Graphing and Analyzing Scientific Data - PowerPoint PPT Presentation

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Graphing and Analyzing Scientific Data

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  1. Graphing and Analyzing Scientific Data • Write the following heading in your notebook and answer the bell work question. • “Graphing and Analyzing Scientific Data” 8/26/2015 Homework: Graphing and Analyzing Scientific Data Worksheet(if not finished during class) BW: Sketch an example of a line graph, bar graph, and pie graph.

  2. Objectives • I will learn about different ways to graphically represent data. I will also learn how to analyze these graphs for scientific data. • I will show that I can graphically represent data by constructing my own graphs and using these graphs to analyze a set of given data.

  3. Types of Graphs • Pie/Circle Graphs • Used to show parts of a whole. • Bar Graphs • Used to compare amounts • Line Graphs • Used to show the change of one piece of information as it relates to another change.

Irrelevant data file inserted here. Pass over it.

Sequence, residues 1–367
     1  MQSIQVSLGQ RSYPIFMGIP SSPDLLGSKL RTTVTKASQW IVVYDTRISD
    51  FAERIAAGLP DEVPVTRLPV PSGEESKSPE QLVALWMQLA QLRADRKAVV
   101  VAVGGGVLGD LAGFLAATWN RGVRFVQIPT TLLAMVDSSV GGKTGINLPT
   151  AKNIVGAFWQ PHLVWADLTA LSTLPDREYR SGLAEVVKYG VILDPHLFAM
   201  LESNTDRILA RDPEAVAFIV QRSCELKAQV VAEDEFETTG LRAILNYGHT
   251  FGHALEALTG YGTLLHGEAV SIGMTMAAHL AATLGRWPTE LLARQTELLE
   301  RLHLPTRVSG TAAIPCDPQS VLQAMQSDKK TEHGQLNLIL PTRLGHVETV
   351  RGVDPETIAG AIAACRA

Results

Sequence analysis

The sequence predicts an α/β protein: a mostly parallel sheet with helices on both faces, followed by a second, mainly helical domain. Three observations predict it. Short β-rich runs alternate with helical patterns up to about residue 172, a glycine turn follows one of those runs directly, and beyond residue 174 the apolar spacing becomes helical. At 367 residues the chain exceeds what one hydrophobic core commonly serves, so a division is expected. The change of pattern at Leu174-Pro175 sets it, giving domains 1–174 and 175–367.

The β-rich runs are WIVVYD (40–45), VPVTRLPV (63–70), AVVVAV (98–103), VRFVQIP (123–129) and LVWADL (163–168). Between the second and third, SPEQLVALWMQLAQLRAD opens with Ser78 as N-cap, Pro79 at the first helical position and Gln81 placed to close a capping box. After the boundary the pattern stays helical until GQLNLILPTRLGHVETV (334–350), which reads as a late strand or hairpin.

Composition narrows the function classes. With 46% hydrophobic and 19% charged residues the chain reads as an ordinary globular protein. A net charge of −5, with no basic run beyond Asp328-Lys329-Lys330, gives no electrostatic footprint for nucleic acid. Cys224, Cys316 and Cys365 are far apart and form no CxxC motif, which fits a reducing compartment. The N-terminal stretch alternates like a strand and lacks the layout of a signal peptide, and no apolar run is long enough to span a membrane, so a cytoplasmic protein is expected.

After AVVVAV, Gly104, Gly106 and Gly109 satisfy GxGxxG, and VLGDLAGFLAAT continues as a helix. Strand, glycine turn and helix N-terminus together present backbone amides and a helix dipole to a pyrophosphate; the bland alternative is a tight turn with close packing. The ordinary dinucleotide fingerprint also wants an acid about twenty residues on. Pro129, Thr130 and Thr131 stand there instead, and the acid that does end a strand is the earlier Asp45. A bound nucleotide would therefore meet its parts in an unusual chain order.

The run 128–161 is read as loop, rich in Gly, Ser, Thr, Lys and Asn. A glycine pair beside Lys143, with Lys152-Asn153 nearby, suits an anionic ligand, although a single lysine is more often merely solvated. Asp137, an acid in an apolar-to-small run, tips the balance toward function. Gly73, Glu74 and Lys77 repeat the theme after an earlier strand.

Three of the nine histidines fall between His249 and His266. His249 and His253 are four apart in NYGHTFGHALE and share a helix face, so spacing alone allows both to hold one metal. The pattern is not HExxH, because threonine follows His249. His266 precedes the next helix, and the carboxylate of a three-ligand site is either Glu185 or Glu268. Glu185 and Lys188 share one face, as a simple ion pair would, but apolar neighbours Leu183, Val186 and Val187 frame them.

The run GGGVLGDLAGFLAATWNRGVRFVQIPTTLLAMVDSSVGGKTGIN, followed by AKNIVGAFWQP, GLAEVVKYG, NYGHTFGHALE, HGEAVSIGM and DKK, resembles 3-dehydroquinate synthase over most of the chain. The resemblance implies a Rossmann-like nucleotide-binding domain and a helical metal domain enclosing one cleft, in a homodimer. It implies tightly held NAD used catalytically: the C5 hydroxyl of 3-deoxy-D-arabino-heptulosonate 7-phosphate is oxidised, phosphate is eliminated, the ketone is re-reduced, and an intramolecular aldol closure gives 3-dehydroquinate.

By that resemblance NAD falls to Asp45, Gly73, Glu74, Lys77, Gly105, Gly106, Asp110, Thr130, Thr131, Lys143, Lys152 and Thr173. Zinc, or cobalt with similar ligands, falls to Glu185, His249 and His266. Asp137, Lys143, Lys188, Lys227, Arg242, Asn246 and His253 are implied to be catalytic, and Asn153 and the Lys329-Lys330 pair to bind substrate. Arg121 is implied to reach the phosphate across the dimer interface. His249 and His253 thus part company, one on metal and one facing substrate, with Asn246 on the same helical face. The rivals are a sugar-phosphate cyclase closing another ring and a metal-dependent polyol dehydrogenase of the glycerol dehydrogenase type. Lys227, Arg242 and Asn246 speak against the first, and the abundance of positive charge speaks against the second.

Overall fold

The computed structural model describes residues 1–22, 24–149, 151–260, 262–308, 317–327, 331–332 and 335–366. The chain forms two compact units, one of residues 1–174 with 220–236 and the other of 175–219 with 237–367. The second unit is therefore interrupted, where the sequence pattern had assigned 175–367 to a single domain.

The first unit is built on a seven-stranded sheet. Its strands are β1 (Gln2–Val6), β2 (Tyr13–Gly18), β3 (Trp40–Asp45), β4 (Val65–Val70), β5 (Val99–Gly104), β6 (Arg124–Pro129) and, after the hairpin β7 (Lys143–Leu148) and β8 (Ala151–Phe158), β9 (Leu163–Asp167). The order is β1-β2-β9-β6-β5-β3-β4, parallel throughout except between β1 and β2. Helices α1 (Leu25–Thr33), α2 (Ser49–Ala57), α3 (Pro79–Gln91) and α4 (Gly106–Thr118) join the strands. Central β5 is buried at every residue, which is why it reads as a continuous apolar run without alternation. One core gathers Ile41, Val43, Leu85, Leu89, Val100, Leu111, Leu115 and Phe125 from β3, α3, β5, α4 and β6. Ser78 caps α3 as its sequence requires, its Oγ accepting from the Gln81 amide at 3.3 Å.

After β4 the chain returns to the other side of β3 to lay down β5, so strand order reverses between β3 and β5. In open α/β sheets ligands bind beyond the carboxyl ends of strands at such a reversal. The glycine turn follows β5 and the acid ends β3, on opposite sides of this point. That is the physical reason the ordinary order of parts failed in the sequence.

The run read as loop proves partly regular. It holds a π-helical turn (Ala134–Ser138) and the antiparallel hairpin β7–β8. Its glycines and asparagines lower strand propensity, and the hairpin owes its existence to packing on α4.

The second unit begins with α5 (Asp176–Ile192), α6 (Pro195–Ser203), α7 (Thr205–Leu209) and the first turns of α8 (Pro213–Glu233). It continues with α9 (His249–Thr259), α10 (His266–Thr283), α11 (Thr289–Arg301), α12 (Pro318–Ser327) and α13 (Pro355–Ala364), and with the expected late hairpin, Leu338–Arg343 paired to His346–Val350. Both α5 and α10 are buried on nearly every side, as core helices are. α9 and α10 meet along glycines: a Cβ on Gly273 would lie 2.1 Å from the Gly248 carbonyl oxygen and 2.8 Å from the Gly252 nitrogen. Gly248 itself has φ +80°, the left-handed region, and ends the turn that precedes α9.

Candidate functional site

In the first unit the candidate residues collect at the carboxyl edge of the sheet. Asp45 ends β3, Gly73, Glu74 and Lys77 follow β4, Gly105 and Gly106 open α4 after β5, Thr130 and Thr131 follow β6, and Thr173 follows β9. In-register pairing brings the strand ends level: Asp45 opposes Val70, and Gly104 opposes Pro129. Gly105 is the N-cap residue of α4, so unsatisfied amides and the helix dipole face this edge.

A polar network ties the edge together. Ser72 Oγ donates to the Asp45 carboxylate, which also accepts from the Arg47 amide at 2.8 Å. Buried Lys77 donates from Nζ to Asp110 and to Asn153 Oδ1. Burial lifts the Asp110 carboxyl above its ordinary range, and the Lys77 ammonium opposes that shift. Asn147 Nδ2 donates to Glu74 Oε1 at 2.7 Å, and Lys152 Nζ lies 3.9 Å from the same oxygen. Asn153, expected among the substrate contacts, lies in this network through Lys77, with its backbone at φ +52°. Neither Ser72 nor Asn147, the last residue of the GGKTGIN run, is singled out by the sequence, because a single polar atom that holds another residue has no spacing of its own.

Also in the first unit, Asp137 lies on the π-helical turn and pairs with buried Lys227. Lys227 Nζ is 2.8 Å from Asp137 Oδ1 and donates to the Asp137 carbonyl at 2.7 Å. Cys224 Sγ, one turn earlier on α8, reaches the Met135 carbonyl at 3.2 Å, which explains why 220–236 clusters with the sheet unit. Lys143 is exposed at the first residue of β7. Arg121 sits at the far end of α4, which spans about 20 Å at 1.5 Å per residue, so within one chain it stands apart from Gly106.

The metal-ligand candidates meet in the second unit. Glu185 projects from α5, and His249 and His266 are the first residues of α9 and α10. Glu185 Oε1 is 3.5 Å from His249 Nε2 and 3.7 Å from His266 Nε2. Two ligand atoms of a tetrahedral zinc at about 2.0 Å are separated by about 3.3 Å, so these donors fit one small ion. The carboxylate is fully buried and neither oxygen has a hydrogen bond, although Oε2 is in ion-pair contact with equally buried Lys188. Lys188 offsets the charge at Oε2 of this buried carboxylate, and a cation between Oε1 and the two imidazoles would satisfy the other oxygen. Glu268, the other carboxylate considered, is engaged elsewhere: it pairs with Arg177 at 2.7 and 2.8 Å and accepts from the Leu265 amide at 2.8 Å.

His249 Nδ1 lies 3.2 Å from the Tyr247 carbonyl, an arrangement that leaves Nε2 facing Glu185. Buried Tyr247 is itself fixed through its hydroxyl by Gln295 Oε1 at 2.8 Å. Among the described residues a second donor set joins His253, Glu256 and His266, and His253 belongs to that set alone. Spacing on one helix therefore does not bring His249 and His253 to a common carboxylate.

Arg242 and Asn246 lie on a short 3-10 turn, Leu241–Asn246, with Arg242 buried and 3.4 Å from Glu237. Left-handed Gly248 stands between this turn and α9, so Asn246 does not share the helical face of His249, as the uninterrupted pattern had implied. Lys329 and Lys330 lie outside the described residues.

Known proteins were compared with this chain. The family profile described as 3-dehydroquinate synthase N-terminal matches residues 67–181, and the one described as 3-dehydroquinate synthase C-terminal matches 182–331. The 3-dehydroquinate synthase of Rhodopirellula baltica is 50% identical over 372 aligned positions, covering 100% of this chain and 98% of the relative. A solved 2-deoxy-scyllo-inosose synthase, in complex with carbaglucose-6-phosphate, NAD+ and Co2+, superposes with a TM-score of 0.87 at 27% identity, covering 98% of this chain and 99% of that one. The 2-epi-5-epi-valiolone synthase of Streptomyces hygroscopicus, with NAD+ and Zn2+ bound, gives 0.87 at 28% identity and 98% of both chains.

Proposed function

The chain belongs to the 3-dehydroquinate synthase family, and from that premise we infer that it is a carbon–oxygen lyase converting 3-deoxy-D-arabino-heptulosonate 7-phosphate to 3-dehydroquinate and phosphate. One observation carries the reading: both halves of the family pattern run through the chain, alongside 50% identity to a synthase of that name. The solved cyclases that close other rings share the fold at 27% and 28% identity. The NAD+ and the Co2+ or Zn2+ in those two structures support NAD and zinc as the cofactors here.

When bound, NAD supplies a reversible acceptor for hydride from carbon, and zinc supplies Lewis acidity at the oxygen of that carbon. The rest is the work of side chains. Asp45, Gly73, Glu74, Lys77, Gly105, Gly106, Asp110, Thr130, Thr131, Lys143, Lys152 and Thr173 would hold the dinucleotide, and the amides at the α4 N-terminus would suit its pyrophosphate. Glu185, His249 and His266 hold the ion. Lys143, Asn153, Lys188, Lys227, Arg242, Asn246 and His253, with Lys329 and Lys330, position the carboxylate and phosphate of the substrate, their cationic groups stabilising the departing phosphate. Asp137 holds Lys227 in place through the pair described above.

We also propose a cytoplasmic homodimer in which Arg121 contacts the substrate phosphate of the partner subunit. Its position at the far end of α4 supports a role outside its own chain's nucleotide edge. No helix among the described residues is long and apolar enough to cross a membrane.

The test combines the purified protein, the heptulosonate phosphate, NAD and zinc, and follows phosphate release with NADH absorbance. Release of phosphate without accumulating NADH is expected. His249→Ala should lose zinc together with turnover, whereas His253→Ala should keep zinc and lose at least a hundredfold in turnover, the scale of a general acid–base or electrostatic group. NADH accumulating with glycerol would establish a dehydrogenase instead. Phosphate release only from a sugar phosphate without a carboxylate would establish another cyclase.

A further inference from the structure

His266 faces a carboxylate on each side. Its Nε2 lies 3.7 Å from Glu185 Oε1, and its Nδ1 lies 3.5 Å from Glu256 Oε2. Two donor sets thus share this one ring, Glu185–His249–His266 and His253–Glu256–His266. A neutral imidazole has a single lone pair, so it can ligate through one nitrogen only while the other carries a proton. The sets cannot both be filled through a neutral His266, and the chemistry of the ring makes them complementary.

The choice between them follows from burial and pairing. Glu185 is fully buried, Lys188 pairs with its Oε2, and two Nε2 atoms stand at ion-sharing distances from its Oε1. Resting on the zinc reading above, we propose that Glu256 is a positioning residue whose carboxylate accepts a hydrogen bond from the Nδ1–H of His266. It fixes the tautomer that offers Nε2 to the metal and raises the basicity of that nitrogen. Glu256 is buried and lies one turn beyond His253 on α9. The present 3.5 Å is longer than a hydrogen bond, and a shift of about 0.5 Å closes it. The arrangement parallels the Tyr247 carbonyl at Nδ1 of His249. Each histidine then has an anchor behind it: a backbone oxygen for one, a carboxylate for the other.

4. Parts of a Graph • Title • Summarizes information bing represented in ANY graph. • Independent Variable • Variable controlled by the experimenter. Placed on X axis. • Dependent Variable • Variable directly affected by independent variable. Placed on Y axis. • Scales • Tells you where to plot data points. • Legend • Describes the graph’s data.

  5. Variables • any item, factor, or condition that can be controlled or changed • looking for a cause and effect relationship

  6. So then… • x is the … • y is the… • m and b are… • Together they show a… • Independent variable • Dependent variable • Constants • Relationship

  7. y=mx+b • Are there any restrictions on what x can be? • What determines the value of y? • What happens when I plug x into that equation? • Do m and b change? • What is the result if I plug several values for x into that equation?

  8. Mean, Median, Mode • Mean • Determined by adding all the numbers in a data set together and then dividing by the number of values. • EX: 2 + 4 + 6 = 12/3 = 4 • Median • Middle number in a set of data. If there is an even set of numbers in the data, then take the average of the two middle numbers. • EX: 2, 3, 4, 8, 12, 16, 20 median = 8 • EX: 3, 5, 8, 11, 17, 19, 27, 30 median is 11 + 17 = 28/2 • Mode • The number that occurs most often in a data set. • EX: 3, 4, 6, 6, 7, 9, 9, 9, 12, 12, 15 mode = 9

  9. Extrapolate & Interpolate

  10. Interpreting data • Extrapolate: extending the graph, along the same slope, above or below measured data. What would you expect pay for 30 Kg?

  11. Interpreting data • Interpolate: predicting data between two measured points on the graph

  12. Best fit line